Shema Yisrael: Hashem Elokeinu Hashem Echad

Excerpt from CD recorded at Makom Ohr Shalom called “Reb Zalman Prays” © 2008 ShareWonder Media, transcribed and edited by Gabbai Seth Fishman.

Reb Zalman, a’h:

One of the things that makes parenting a joy is to put children to bed at night and they don’t want to fall asleep. At that time they come up with wonderful questions to engage you in such a way that you can’t say no. For instance, five-year-old Yotam asked me:

Abba, what happens to people when they die?”

“What do YOU think,” I asked and he says:

“Well we sort of have  two lives: There’s an awake life and a dream life. And I think the awake life stops and the dream life continues.”

And how wonderful an answer that was.

And Shalvi one time said:

Abba, when you’re asleep you can wake up. When you’re awake can you wake up even more?”

These are the kinds of questions that come when you sit next to a child on the bed and you sing:

B’shem Hashem B’shem Hashem Elokei Yisrael. And then you say the Shema with them.

Or imagine a different scene: You are visiting someone in hospice.

This past erev Rosh HaShannah, one of our friends, who had been suffering from ALS, died. We had visited her in hospice and, we sang to her. And then, we said the Shema with her; that was a very important thing.

So the Shema is when you start out. And the Shema is when you leave. There’s something remarkable about this.

When I used to do a retreat with people, I would ask them to say the Shema several times. Why? Well first, because it’s not a prayer really; it’s Moses talking to Israel and saying, ‘Listen, you Jews, Hashem Elokeinu Hashem echad.’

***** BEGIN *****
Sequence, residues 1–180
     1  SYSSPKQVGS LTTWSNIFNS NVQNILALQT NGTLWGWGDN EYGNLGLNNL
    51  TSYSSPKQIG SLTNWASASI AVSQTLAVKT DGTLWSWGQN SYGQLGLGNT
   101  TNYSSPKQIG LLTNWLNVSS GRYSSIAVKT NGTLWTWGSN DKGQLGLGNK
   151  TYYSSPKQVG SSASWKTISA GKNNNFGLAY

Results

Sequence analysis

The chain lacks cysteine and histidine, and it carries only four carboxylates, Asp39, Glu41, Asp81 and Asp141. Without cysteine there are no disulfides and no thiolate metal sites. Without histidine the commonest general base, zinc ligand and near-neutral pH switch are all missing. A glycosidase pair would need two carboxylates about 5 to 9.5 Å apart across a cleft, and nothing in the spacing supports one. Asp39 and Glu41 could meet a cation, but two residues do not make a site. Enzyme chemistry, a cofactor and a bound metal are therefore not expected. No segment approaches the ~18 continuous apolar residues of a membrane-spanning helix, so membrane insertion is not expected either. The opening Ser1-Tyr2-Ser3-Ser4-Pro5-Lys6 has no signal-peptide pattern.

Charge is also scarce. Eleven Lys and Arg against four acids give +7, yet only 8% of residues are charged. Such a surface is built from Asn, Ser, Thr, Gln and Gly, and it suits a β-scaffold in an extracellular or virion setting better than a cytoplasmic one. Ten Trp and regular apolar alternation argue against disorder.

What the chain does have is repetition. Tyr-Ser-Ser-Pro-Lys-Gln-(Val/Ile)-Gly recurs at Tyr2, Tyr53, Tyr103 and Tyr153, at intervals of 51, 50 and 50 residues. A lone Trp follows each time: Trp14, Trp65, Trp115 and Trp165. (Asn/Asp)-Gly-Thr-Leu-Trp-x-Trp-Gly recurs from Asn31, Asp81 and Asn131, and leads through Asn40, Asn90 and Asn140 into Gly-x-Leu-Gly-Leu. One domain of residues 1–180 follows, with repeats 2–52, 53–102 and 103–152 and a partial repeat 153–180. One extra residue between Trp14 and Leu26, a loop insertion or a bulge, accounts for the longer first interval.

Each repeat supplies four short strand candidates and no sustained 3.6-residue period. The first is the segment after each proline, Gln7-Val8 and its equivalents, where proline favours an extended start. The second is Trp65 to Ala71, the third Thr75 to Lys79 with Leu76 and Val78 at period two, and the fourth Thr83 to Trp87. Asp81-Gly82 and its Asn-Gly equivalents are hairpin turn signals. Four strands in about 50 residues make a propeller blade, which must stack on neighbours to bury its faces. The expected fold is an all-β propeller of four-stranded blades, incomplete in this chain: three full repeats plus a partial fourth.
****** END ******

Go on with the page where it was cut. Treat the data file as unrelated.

Sometimes people don’t quite understand; they ask what is meant by Hashem, Yod Hey Vav Hey, Adonay. Who is that?

When I was in Bombay, they had a Siddur there with one side in Hebrew and the other in Marathi written in Devanagari, that wonderful Indian script.

And I asked the person to do me a favor:  ‘I can’t read that. Would you tell me, what’s the word used on the Marathi side for Yod Hey Vav Hey, for Adonay?

So he says, “Rameshwar.” (Now if you know what that is, it means, ‘The highest is my chosen deity.’ That’s how they translated that. That’s not bad, huh? Rameshwar.)

[Here is the Marathi translation of the Shema text with the word for YHVH hi-lighted]

[NOTE: from The Open Siddur Project: This Siddur was scanned by the National Library of Israel and now shared on the Internet Archive and Wikisource, ספר תפילת החדש (Sefer Tefilot Heḥadash) is a complete siddur with a Marathi translation made by Joseph Ezekiel Rajpurkar for the use of the Bene Israel community according to Sepharadi liturgical custom. Printed by Aaron Jacob Divekar at the Anglo-Jewish and Vernacular Press in 1889 (5649)]

We have become very shy in speaking with others about God. If you first of all dedicate yourself then say the Shema to  other people… let me spell this out.